Friday, July 1, 2022
July 1, 2022

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Local View: I-5 Bridge project collaborative, vital to region

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Replacing the Interstate 5 Bridge spanning the Columbia River between Vancouver and Portland has been my priority since entering the state Senate in 2013.

At that time, the Legislature was primed to pass a project 15 years in the planning, one that was certain to energize and transform our region. That project would have replaced our long-outmoded I-5 spans with a modern bridge, improving safety, reducing the number of hours of traffic congestion per day and vastly improving pedestrian, bike and transit options that help reduce climate impacts.

At the 11th hour, however, the legislation did not advance — a move that not only killed the project but damaged relationships with our project partners, including Oregon and up and down the economically critical I-5 corridor. Rebuilding trust has been an important aspect of the work to move forward.

That effort began with myself and a small group of Southwest Washington lawmakers committed to a fresh effort to address the shortcomings of the old spans. In 2017 the Legislature passed my bill to create a bistate committee of Washington and Oregon state lawmakers to explore bridge options. Our Oregon colleagues joined us to begin this bistate work again in earnest.

Since then, we’ve worked together to plan the bridge our region deserves. My commitment to the partners involved in this effort, here at home, in Oregon, the state and federal governments, and my colleagues on both sides of the aisle in approaching this monumental task has been to a collaborative process. We are making sure all voices are heard, and all perspectives respected in order to reach consensus.

A key early step was to recommit to designation as a project of statewide significance, so that everyone understood that the transportation and economic benefits of replacing the I-5 Bridge would extend from Canada to Washington to Oregon to California.

Another forward step was to fund an office to facilitate the planning of a replacement bridge. All research, studies and designs that had gone into the prior effort were reviewed to avoid reproducing work that could be applied to the new bridge plan.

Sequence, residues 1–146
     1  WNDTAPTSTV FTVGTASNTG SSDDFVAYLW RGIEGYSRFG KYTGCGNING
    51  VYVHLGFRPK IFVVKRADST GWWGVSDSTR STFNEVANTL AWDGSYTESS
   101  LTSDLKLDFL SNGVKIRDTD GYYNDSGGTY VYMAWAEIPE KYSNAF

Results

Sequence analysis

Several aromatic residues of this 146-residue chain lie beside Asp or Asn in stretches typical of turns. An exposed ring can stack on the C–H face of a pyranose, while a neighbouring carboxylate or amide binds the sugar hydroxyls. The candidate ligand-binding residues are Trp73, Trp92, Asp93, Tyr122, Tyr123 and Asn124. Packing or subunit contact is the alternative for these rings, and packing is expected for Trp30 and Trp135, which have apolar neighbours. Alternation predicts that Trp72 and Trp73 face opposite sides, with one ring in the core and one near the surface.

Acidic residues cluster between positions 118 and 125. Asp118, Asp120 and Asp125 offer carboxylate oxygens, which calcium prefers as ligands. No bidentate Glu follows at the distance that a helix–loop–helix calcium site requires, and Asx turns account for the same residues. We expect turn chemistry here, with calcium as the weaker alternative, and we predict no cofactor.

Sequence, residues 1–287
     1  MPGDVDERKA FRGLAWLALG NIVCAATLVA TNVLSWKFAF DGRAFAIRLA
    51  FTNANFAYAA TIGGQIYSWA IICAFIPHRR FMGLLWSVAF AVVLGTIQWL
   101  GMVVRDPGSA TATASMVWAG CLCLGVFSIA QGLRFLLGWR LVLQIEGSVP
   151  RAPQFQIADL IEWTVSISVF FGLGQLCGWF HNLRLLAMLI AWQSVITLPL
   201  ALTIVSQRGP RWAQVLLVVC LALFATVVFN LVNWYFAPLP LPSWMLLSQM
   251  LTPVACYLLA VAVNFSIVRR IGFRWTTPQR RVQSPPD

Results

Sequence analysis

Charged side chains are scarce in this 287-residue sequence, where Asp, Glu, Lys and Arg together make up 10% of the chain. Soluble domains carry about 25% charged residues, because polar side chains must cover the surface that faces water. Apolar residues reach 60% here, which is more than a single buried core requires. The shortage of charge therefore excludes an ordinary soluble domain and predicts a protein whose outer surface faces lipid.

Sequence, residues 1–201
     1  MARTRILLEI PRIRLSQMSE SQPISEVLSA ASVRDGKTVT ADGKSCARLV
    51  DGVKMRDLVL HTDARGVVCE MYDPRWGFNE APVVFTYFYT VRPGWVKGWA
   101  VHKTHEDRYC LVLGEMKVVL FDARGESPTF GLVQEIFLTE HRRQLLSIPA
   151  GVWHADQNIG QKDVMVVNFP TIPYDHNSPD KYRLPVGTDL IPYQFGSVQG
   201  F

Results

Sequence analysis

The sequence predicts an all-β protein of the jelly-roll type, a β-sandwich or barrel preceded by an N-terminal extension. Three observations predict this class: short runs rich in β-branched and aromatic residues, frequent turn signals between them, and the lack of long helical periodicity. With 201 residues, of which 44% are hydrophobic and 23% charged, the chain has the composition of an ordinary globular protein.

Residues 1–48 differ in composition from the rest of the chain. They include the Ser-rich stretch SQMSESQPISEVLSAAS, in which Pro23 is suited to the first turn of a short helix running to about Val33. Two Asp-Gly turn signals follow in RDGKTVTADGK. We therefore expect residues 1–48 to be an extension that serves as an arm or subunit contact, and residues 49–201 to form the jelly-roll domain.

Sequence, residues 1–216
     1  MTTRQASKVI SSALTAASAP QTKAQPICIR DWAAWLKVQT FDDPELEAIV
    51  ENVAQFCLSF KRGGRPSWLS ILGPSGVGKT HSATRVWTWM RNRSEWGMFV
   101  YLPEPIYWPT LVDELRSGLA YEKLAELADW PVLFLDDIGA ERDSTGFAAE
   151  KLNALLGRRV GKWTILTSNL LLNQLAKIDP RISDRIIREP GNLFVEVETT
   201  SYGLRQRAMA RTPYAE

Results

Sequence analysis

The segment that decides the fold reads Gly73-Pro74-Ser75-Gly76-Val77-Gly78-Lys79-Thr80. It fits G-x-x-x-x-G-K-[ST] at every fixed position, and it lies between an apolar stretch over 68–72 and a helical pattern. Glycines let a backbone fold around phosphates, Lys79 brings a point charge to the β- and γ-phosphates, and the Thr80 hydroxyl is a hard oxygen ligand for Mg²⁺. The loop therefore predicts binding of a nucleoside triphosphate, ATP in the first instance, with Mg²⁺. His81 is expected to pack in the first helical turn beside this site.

At every step of the way we insisted on an open, inclusive process to develop a plan with strong enough consensus to withstand 11th-hour opposition. No one wants to see millions of tax dollars invested in a bridge project go down the drain again.

Our investments, and commitment to this project, are significant. Move Ahead Washington, the transportation revenue package passed by the Senate, will provide $1.2 billion toward a replacement bridge. Oregon will also provide funding toward this project, and the federal government is expected to contribute federal funding through President Joe Biden’s nationwide infrastructure plan.

There are those who have questioned whether we truly can afford the cost of replacing the bridge. But the bigger question is whether we can afford not to replace the bridge. And that question is answered daily by thousands of commuters and freight haulers idled by the drawbridge or stuck in bumper-to-bumper traffic jams. It’s answered by the knowledge that our existing spans weren’t designed to withstand a major earthquake — and the fear that such a quake might come before we have a new, safer bridge in place.

Last month, the first span of the existing I-5 Bridge marked its 105th anniversary since opening. The need to replace the bridge has never been more critical, and our options for designing a bridge that can meet our current and future needs have never been better.

It’s time to Move Ahead Washington.


Sen. Annette Cleveland, D-Vancouver, has represented Washington’s 49th Legislative District since 2013.

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